‘Star Wars: The Last Jedi’ DP Steve Yedlin on That Throne Room Scene & Crafting Iconic Shots
Spoilers for Star Wars: The Last Jedi are discussed below.
When Rian Johnson was announced as the writer and director of Star Wars: Episode VIII, it came as something of a surprise, but a welcome one to be sure. Johnson hadn’t exactly made a big blockbuster movie before, but he also wasn’t some filmmaker with a single indie under his belt—he had been working consistently for years, expanding in scope with each successive film. Moreover, he’s a brilliantly unique storyteller, so audiences had faith that Johnson would deliver something original on this giant franchise canvas.
Indeed he did, as Star Wars: The Last Jedi is a bold, thrilling, wonderfully surprising sequel that is thematically satisfying and still, at a base level, wildly entertaining. One of the joys of watching the film was seeing just how gorgeous a Star Wars movie it is, and knowing that on The Last Jedi, Johnson was working once again with his longtime cinematographer Steve Yedlin.
Johnson and Yedlin have done stunning work together over the years, going all the way back to Johnson’s debut feature Brick, and Yedlin has a particular eye for interesting shots. With The Last Jedi the two craft their most visually arresting film yet, one in which each shot reinforces the thematic or narrative thrust of the scene, and one imagines the quality of the image has something to do with the relationship the two have built over the years.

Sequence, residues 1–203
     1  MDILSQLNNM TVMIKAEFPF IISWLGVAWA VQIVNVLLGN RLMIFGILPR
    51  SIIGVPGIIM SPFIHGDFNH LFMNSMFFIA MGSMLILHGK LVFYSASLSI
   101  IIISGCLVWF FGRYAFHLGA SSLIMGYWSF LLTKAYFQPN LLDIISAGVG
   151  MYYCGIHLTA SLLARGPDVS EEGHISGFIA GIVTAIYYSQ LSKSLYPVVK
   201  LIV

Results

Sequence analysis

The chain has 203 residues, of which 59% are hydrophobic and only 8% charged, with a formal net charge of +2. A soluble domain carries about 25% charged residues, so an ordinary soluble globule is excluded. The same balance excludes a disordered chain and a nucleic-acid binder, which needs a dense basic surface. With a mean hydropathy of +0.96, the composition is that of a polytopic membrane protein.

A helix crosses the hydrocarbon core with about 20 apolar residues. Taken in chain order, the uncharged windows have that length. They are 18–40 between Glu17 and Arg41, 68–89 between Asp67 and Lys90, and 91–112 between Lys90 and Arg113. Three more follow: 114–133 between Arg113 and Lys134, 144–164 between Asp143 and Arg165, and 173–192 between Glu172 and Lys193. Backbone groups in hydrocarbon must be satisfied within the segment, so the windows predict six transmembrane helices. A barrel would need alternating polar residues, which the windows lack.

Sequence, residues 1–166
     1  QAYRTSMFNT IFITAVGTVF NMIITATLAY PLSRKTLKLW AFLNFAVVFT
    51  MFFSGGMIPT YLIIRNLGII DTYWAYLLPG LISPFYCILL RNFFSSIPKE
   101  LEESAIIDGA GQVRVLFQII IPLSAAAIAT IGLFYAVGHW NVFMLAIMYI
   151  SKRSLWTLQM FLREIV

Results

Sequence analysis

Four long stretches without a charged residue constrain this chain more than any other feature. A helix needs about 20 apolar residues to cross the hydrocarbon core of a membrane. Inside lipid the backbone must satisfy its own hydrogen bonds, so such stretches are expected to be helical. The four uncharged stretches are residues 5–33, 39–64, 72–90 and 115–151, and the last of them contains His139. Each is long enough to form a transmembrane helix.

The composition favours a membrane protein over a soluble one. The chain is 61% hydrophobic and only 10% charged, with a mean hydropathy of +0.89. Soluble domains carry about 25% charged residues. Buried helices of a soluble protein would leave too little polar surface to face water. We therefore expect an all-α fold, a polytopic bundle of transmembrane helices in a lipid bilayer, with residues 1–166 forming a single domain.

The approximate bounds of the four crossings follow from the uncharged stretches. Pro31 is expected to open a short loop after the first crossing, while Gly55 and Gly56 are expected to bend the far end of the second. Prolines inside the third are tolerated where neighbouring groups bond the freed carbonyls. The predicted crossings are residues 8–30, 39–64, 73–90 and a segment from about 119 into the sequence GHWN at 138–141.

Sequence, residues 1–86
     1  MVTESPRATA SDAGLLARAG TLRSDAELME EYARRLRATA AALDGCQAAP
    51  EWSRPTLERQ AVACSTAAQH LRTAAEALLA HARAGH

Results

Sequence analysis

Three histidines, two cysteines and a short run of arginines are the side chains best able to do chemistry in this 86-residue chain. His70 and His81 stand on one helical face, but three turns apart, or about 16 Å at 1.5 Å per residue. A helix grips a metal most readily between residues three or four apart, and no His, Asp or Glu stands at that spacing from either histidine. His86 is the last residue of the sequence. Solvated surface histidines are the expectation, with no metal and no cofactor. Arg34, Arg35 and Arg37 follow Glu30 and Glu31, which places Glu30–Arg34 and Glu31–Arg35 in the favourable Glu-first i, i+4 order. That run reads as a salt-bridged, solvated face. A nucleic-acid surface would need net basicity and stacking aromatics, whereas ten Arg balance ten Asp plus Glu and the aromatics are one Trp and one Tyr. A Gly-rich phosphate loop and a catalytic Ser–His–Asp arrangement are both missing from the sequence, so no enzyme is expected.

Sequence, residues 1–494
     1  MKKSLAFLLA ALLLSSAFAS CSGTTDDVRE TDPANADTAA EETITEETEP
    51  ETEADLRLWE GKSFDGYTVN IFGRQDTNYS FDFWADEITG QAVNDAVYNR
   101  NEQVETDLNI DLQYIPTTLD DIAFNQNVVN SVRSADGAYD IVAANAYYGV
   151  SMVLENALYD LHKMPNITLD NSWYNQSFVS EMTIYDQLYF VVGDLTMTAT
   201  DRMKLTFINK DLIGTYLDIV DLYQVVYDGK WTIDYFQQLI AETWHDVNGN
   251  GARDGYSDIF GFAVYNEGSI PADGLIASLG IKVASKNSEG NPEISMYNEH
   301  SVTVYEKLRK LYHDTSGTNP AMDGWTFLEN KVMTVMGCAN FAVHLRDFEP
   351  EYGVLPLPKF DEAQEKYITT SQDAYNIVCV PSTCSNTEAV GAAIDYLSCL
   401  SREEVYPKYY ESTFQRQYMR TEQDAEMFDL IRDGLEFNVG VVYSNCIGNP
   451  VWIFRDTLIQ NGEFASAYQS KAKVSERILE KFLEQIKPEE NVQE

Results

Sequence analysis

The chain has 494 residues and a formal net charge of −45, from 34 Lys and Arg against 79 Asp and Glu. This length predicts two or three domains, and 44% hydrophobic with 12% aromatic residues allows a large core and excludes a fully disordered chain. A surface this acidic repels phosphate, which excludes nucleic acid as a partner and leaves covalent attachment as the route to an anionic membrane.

I recently got the chance to speak with Yedlin about his work on the film during a press day for The Last Jedi, and while the conversation was all too brief, the cinematographer offered some terrific insight into his work on the Star Wars film. He discussed his working relationship with Johnson, how the two crafted such iconic shots within The Last Jedi, the use of the color red, and he talked specifically about putting together that unforgettable Throne Room sequence and Luke and Leia’s long-awaited reunion.
While I could have spent another hour peppering Yedlin with questions, this resulting interview offers fascinating insight into Yedlin’s work and his incredibly fruitful relationship with Johnson.
I know you and Rian have been working together for a really long time and I’m always curious with cinematographers, what were your early conversations on what you guys wanted to hit upon for the visual idea for this thing?
STEVE YEDLIN: Well, the very first time, I mean I really do remember the very first time Rian and I kind of talked about it. You know, like what we were actually going to do as opposed to just him informing me that he had been offered the job, taken it and bringing me on. We kind of had this discussion, which I think he had pretty much already decided in his head, but kind of wanted to bounce it off of me and say it out loud. But I think he pretty much already knew how much we were going to try to inform the visuals, based on the other movies, or try to specifically do something that we thought was Star Wars-y or something. And I think that the decision was kind of, you know, we’re not really going to do that.